Dr. Adam Spring with the Talbert Abrams Award, for his two-part history of laser scanning, published in Photogrammetric Engineering & Remote Sensing in July and August 2020. The photo is taken in front of the former US headquarters, in Norcross, Georgia, of Mensi, which was acquired by Trimble in 2003. Mensi is described in Adam’s articles.

The last session on Wednesday was the ASPRS annual business meeting, presentation of numerous awards, and installation of officers. Jason Stoker of USGS took over as president from Jeff Lovin of Woolpert, perhaps the Society’s first “virtual president”, who ended a strong year at the helm. And in the same slot the following day ASPRS mounted a “Meet the Emeriti” session, in which a group of the Society’s many renowned emeritus members talked about themselves and, in particular, how they came to follow careers in photogrammetry. I found this fascinating – we all have our stories and they’re more complicated than, “After some years wanting to be a fireman, I decided at the age of twelve to become a photogrammetrist”. We are all the beneficiaries of these emeriti choosing photogrammetry over the many other professions in which they would doubtless have starred. It was especially gratifying to see John Trinder and Clive Fraser participating from Sydney and Melbourne respectively. Indeed, John gave the third last presentation of the conference. The title of his paper was “Remote sensing for ecosystem services and urban sustainability” and reflected John’s growing concern with sustainability, global warming and related phenomena. John confided, “I have a feeling that the earth is going to be very uncomfortable in the future unless huge changes are made to human activities. I won’t be around to experience it, but I feel I must take some actions that may alleviate the discomfort somewhat in the future.” These are the frank views, based on his latest research, of a veteran photogrammetrist with decades of service to the University of New South Wales and to ISPRS. We should listen.

Thus it was a wonderful conference. My work begins now, however, to approach presenters of lidar topics to determine whether any have interest in publishing in the magazine. The proceedings of the conference will be published, according to the practice, in the ISPRS Archives. Most of the work will lead to further publications in peer-reviewed periodicals, but sometimes the nature of the topic, or the audience that the researcher seeks to reach, demand a different outlet and that’s where LIDAR Magazine comes in. For example, we certainly want a follow-up after the presentation by Jennifer Aitken of the new Teledyne Optech CZMIL SuperNova topobathymetric sensor. Watch this space!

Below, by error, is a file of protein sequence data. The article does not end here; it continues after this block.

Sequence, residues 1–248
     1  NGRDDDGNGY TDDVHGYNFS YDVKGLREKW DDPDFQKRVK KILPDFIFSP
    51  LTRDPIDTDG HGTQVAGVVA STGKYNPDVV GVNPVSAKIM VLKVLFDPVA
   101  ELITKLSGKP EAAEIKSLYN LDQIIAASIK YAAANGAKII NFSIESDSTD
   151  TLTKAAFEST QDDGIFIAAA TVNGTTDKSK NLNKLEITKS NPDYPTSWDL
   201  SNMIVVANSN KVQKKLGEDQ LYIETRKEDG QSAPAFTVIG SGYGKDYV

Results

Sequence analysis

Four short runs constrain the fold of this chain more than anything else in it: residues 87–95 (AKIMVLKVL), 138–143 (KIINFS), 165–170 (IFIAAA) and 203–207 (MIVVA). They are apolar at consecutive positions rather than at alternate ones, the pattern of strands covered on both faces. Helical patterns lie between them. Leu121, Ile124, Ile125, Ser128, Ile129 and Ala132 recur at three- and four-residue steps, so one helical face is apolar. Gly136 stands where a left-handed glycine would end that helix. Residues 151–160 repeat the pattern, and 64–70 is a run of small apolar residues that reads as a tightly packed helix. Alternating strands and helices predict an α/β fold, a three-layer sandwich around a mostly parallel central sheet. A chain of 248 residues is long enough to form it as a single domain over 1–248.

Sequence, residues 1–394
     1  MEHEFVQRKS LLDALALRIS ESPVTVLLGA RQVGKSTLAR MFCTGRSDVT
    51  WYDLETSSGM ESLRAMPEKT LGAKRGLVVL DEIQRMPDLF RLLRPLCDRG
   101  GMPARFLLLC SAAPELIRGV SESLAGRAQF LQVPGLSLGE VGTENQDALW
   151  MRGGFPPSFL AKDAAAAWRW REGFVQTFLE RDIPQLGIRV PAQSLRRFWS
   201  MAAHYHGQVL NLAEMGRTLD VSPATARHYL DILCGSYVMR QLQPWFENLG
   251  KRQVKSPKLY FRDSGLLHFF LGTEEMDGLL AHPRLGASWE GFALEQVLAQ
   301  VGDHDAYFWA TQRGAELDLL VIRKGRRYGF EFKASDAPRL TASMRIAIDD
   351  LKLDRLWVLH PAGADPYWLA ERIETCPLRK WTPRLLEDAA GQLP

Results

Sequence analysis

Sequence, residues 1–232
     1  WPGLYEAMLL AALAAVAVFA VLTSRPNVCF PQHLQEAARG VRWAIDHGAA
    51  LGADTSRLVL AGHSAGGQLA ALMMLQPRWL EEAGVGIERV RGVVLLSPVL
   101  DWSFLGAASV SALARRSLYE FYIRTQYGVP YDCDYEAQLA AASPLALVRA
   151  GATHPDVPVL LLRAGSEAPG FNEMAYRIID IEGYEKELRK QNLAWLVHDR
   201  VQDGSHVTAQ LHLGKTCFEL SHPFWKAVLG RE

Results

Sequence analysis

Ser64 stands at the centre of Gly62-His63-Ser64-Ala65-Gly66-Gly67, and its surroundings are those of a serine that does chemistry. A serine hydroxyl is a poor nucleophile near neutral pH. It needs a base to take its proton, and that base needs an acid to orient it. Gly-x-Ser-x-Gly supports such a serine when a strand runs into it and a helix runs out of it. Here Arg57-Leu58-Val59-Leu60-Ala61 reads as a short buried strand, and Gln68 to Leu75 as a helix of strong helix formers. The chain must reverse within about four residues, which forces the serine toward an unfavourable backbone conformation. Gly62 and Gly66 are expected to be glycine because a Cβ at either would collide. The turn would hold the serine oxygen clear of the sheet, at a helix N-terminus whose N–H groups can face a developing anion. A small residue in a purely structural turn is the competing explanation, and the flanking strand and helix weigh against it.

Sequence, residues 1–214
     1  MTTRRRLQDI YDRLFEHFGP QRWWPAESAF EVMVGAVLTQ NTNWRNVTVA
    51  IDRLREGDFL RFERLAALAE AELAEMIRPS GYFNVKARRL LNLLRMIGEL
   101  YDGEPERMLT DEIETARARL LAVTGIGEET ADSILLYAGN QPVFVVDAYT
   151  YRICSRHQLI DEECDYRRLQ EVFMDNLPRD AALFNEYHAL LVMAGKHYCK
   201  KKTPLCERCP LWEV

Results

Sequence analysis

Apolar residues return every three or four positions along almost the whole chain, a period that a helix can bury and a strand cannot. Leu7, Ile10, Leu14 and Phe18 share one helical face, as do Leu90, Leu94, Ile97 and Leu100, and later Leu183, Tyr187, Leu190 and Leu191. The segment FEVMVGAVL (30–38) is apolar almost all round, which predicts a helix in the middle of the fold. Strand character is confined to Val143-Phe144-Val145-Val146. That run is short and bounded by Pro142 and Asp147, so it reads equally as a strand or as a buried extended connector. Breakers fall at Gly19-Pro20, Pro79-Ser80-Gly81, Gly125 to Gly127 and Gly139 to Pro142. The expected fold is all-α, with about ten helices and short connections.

It’s tempting, of course, to draw a comparison with the ISPRS event conducted last year. Both had the feeling, to some extent, of being conveyor belts for students and early-career researchers to present their work – but that’s what professional societies do. ISPRS opted for parallel sessions, ASPRS for a single track. ISPRS had eminent professors chairing sessions, ASPRS didn’t. ASPRS had registration fees, ISPRS didn’t. Both approaches worked and both events were enjoyable. The important point is that, despite covid, the development of photogrammetry, remote sensing and GIS flourished and the results were made available to the profession in an easily accessible way. Next year, we hope that Geo Week goes ahead and that the ASPRS 2022 Annual Conference is co-located in Denver in February with ILMF, AEC Next, SPAR 3D and USIBD. Nevertheless, ASPRS will probably hold another virtual event later in 2022, enabling researchers whose funds preclude attendance in Denver to participate economically. This is progress for all.

About the Author

Dr. A. Stewart Walker

Stewart is the Managing Editor of the magazine. He holds MA, MScE and PhD degrees in geography and geomatics from the universities of Glasgow, New Brunswick and Bristol, and an MBA from Heriot-Watt. He is an ASPRS-certified photogrammetrist. More articles...